It occupies a nondescript space in the large shopping center at River and Craycroft roads; other restaurants in that same center have more prominent locations and signage. You can't see Shabu Shabu Tanaka from a major road, and to make matters worse, when we were there, the restaurant's sign was mysteriously unlit.
In other words, you have to be looking for Shabu Shabu Tanaka to find it. And it speaks volumes that the 2-plus-year-old place was packed that night. A Thursday night.
After two fantastic meals there, we understand why.
The square room is dominated by a U-shaped bar, where the majority of the seating is; a burner sits just behind the bar at each spot. A few tables sit on the outskirts. Although it's clean, the restaurant has a slightly disorganized vibe. It has an Asian kitsch feel; a couple of shelving units are filled with knickknacks, and a large, multicolored umbrella (that looks like it mutated after once being in a tropical drink) covers a portion of the behind-the-bar work area. The walls are mostly run-of-the-mill white sheetrock--except for a green, white and gold flower scene painted directly on the southern wall.
Garrett and I plopped down at one of the few tables (a mistake, in retrospect--I recommend sitting at the bar, because you may feel like an outsider at the tables). The specialty of Shabu Shabu is, as you may have guessed, shabu-shabu. This means "swish-swish," according to a helpful laminated guide we discovered at the bar during our second visit. The procedure: They bring you a broth flavored with shitake mushrooms and dried kelp, along with a plate of raw vegetables, meat or seafood. They add tofu and a bevy of vegetables (including spinach, onions, cabbage, green onions, carrots, shitake mushrooms and enoki mushrooms) to the broth. Once the broth gets boiling, you cook the thinly sliced meats/seafood in the liquid yourself, removing them in 10 to 30 seconds. Then, you dip the meats/seafood and vegetables in any of the three sauces (a ponzu sauce with garlic, green onions and minced daikon radish, along with a sesame sauce and a ginger sauce)--and enjoy! Finally, when that's finished, you can add in flour soba noodles, and using the sauces, fashion the rest of the broth and vegetables into a soup. There are about 17 shabu-shabu choices for dinner (ranging from $9.50 for the vegetable medley on up to $25 for king crab), and a little more than half that number for lunch ($6.50-$13.50).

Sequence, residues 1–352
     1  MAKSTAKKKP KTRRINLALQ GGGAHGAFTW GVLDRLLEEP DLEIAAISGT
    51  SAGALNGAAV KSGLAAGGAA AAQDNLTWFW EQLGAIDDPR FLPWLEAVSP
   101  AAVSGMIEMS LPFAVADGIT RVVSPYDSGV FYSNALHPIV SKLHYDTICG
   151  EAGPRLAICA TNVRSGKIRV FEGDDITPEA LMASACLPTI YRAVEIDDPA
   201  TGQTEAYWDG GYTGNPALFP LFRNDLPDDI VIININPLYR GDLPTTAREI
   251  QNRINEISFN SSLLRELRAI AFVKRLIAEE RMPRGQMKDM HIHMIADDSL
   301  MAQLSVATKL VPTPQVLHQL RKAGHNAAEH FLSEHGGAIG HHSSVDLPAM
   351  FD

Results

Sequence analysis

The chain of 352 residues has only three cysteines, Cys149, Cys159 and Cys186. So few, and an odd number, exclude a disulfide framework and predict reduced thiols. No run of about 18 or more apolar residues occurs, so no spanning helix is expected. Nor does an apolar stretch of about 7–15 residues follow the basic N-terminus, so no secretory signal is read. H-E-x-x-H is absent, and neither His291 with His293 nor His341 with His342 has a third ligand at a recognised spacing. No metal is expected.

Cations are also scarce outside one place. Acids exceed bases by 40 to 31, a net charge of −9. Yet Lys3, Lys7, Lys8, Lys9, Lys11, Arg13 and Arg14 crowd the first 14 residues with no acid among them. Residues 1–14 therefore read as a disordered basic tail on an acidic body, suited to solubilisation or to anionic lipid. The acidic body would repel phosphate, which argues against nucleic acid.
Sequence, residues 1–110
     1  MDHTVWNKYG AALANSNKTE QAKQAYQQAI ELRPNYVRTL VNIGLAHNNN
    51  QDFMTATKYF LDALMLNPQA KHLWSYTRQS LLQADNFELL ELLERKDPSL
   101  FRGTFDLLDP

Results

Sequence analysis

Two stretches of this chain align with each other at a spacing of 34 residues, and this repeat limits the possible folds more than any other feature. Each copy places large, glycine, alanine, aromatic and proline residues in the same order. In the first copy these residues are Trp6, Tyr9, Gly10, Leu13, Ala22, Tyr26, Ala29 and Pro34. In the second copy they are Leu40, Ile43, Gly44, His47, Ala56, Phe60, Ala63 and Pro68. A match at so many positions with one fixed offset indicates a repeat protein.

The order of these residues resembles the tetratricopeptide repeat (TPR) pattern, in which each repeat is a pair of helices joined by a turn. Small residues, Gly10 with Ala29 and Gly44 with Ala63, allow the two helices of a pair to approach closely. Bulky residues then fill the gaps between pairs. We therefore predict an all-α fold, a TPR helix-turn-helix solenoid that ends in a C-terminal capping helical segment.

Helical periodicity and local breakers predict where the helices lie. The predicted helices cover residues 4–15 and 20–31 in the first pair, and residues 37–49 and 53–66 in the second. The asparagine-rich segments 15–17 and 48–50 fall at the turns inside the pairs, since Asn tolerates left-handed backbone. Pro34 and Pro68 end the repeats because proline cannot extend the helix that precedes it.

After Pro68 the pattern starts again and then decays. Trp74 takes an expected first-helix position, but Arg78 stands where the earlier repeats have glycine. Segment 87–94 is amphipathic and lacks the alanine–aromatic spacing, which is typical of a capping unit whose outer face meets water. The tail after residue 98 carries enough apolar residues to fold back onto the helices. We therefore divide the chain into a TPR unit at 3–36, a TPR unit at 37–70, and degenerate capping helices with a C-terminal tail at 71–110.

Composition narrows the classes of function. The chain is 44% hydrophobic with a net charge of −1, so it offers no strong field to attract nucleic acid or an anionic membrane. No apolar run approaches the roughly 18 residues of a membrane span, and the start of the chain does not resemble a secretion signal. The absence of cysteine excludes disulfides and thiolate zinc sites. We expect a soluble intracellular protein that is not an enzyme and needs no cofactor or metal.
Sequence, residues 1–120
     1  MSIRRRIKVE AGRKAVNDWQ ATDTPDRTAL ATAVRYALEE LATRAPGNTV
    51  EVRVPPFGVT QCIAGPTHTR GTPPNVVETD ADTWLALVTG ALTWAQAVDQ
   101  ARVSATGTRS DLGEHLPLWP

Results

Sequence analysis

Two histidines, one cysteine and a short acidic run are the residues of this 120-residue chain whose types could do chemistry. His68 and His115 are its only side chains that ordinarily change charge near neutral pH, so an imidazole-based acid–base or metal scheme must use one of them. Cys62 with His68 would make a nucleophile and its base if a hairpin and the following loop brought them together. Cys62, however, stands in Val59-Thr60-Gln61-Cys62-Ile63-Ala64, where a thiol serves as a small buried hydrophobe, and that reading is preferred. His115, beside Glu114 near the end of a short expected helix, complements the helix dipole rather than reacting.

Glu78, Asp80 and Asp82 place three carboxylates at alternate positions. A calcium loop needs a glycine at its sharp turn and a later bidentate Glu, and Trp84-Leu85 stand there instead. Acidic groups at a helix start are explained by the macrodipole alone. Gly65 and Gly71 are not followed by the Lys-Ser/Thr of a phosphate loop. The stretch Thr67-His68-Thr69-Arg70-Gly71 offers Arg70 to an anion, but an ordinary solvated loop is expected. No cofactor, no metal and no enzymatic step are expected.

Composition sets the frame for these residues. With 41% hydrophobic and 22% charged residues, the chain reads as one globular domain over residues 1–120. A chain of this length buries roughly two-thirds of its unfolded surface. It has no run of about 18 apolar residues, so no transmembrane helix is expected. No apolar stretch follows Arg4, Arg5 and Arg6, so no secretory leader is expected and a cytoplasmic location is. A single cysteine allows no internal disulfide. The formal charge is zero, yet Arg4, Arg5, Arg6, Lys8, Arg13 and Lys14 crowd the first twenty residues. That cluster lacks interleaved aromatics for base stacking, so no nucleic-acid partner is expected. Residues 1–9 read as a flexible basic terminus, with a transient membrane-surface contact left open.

But that's not all the restaurant offers: About 20 appetizers, a half-dozen dinner specials and a decent selection of sashimi, sushi and rolls fill out the dinner offerings. If you can't find something to eat on this menu, you need help.
I had never done the shabu-shabu thing before, so I decided to try the Angus beef shabu-shabu ($13.50), with the deluxe shabu-shabu add-on of five sushi pieces and ice cream ($5). Garrett went with the sashimi dinner ($15.50). For starters, we picked the gyoza ($3.50) and the seaweed salad ($3.50), along with the shitake mushroom tempura à la carte ($1).